How Alice Eve’s Tribeca Film Fest Indie ‘Some Velvet Morning’ Isn’t That Different from ‘Star Trek’

Credit: Rogier Stoffers

When describing her new film, Alice Eve immediately pulls out a T.S. Eliot quote: “To prepare a face to meet the faces that you meet.”

It’s the idea that there’s an inherent streak of artificiality running through many of our relationships, that we act our way through much of life. It perfectly describes Benedict Cumberbatch’s mystery-shrouded John Harrison in Star Trek Into Darkness, whose identity has been a source of constant speculation for months. But Eve isn’t quoting Eliot in relation to Star Trek, in which she plays Dr. Carol Marcus, but a film that you’d think is as wildly different as you could possibly imagine: her Tribeca Film Festival indie Some Velvet Morning.

“It’s an emotional hostage crisis,” Eve says of the film, which, written and directed by Neil LaBute (The Wicker Man, Lakeview Terrace), comes across like an extremely tense two-man play… or one-man, one-woman play. Stanley Tucci plays Fred, a middle-aged attorney who’s just left his wife for Eve’s Velvet, a prostitute whose relationship with him, he thinks, became something more than just that of a hooker and John. He shows up on the doorstep of her Brooklyn brownstone, suitcase in hand, only to discover that Velvet has other, less emotionally invested feelings about their relationship.

Over the next 82 minutes they engage in a tense, even violent, conversation that lays bare their deepest insecurities and reveals Fred and Velvet to be participants in a vicious cycle of co-dependency. As much as they try to connect, you sense they are, like Eliot’s quote, preparing faces for each other that the other wants to see, and never being honest. “They’re stuck on a carousel of acting it out and acting it out, trying to make the same thing work over and over, until either their pain goes away or their relationship seems more real or just something different happens,” Eve says. “And that may be the definition of insanity. They’re trying the same thing over and over expecting a different outcome, when there’s no indication that there ever will be a different outcome.”

The entire film takes the form of an extended dialogue between Velvet and Fred, set wholly within her upscale townhouse. One’s first reaction upon seeing Some Velvet Morning may be that it’s a spiritual cousin of Richard Linklater’s conversation films. But the dialogue-centric Before Sunrise trilogy takes the form of city symphony reveries, while Some Velvet Morning is a claustrophobic pressure cooker in which something horrendous may erupt between these two people.

And it eventually does. “It’s more a kindred spirit of Bergman’s Scenes From a Marriage and Faces, and of course Who’s Afraid of Virginia Woolf?” Eve says. “It exists in that tradition of European, pre-Dustin Hoffman cinema.”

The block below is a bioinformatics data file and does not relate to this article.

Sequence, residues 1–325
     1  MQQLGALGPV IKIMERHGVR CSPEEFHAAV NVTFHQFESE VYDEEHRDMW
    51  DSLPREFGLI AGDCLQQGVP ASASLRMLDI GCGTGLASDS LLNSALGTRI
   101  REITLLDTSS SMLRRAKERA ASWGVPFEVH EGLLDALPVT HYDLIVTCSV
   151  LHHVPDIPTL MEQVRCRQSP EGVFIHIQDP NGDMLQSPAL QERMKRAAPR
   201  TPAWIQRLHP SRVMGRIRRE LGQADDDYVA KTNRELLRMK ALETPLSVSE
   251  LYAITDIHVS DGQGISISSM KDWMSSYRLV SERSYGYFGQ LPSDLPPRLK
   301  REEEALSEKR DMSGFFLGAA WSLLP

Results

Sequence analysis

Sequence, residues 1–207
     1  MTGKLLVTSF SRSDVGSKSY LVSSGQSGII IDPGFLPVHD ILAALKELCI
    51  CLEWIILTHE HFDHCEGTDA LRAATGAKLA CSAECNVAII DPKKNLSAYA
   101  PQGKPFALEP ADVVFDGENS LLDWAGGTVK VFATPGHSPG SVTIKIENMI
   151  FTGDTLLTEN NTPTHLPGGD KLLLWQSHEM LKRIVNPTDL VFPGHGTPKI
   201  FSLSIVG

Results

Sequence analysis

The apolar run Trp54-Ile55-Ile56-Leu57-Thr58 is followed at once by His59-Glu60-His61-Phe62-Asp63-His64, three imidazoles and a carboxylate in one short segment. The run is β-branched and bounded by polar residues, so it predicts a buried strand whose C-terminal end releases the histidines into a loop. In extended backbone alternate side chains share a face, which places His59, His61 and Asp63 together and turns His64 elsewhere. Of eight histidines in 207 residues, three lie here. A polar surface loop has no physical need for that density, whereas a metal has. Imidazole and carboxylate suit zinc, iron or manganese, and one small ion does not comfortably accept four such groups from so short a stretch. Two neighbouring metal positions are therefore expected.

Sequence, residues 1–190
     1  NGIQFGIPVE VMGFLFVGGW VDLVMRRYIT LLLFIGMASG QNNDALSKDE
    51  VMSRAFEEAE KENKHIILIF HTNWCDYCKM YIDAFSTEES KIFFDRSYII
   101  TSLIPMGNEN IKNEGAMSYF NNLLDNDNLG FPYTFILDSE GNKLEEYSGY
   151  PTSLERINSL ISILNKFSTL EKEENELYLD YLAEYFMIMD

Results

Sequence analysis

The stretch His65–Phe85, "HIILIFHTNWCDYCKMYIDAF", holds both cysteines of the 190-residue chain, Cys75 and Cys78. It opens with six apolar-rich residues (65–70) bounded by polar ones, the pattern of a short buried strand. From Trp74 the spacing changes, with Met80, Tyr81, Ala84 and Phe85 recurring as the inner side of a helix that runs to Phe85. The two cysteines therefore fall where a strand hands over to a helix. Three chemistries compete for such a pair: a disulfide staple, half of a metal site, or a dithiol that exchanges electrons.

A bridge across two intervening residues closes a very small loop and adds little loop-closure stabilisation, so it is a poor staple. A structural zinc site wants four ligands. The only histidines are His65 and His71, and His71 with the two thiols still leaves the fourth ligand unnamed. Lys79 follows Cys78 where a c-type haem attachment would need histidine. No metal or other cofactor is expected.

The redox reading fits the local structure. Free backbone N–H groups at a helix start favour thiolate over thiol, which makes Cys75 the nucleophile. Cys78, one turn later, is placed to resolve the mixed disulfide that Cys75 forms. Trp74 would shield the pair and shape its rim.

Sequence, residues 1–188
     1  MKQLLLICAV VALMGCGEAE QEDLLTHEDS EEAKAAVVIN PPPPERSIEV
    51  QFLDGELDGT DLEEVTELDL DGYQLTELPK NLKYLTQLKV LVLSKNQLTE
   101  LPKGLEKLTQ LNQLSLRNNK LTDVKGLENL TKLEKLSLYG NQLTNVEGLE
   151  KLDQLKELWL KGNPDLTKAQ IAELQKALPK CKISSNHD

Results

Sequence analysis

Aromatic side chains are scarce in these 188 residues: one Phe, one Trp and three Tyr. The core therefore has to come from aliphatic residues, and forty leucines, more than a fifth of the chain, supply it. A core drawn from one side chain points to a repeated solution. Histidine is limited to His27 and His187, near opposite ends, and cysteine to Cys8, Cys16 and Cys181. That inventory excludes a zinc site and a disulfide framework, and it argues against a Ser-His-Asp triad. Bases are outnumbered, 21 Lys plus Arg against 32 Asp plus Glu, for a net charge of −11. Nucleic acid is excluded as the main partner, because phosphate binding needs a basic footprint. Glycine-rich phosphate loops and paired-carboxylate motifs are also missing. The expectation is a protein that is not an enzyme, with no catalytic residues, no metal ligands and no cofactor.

Some Velvet Morning also draws heavily on the theater background of its creator, Neil LaBute. Eve’s character, Velvet, a high-priced call girl capable of not only fulfilling the fantasies of her clients but making them believe them, came out of a dramatic monologue for the stage that the actress had collaborated on with LaBute. In that reading, Eve inhabited the role of a “working girl,” to use the euphemism, and LaBute liked her interpretation so much that he expanded the character into the one we see in Some Velvet Morning. Turning an extended conversation between two people into a movie, however, was a greater challenge.

“The screen is more about active, forward movement than the stage,” Eve says. “The intimacy of the cinema demands that we are following a story.” LaBute, Eve, and Tucci, and their tiny crew gathered in Park Slope, Brooklyn for four days of rehearsal to find a tidal rhythm in the Velvet and Fred’s conversation, with that “forward movement” building to a big, brutal, unforgettable climax. Coming from the theater where improvisation is generally frowned upon, LaBute didn’t encourage his actors to ad lib while shooting but instead suggest ideas during the rehearsal period. “For example, originally there were going to be two instances of me applying lipstick in the film,” Eve says. “But in our very theater-like rehearsal, we decided that felt repetitive, that there was a need for a moment of respite, so I said that Stanley should put the lipstick on my lips himself for the second occasion.”

Considering the volatility of the emotions Eve and Tucci were expected to project, creating a little levity on set, and during rehearsal, was essential. “Stanley’s a very light soul,” Eve says. “Stanley and I went to lunch together every day and spoke about our own love lives, which are I suppose very different but just as complex as everyone’s are. He would fall asleep in the dressing room and I would wake him up and tease him. We got along very well.”

The shooting itself took place over only eight days, in June 2012. That experience was the microscopic opposite of the six-month shoot Eve had just completed on Los Angeles soundstages for the other movie she’s starring in this month, Star Trek Into Darkness. But as different as the two movies appear to be on the surface, the nature of their respective productions wasn’t that dissimilar: “Star Trek is this grand juggernaut of a vision, but when it came down to it, most of my experience of filming it was just J.J., Chris [Pine], and me, just like how on Some Velvet Morning it was just Neil, Stanley, and myself.” Running through 23rd century San Francisco is the same as viciously chatting in a 21st century Brooklyn brownstone? In the end, they’re both games of make believe.

Follow Christian Blauvelt on Twitter @Ctblauvelt

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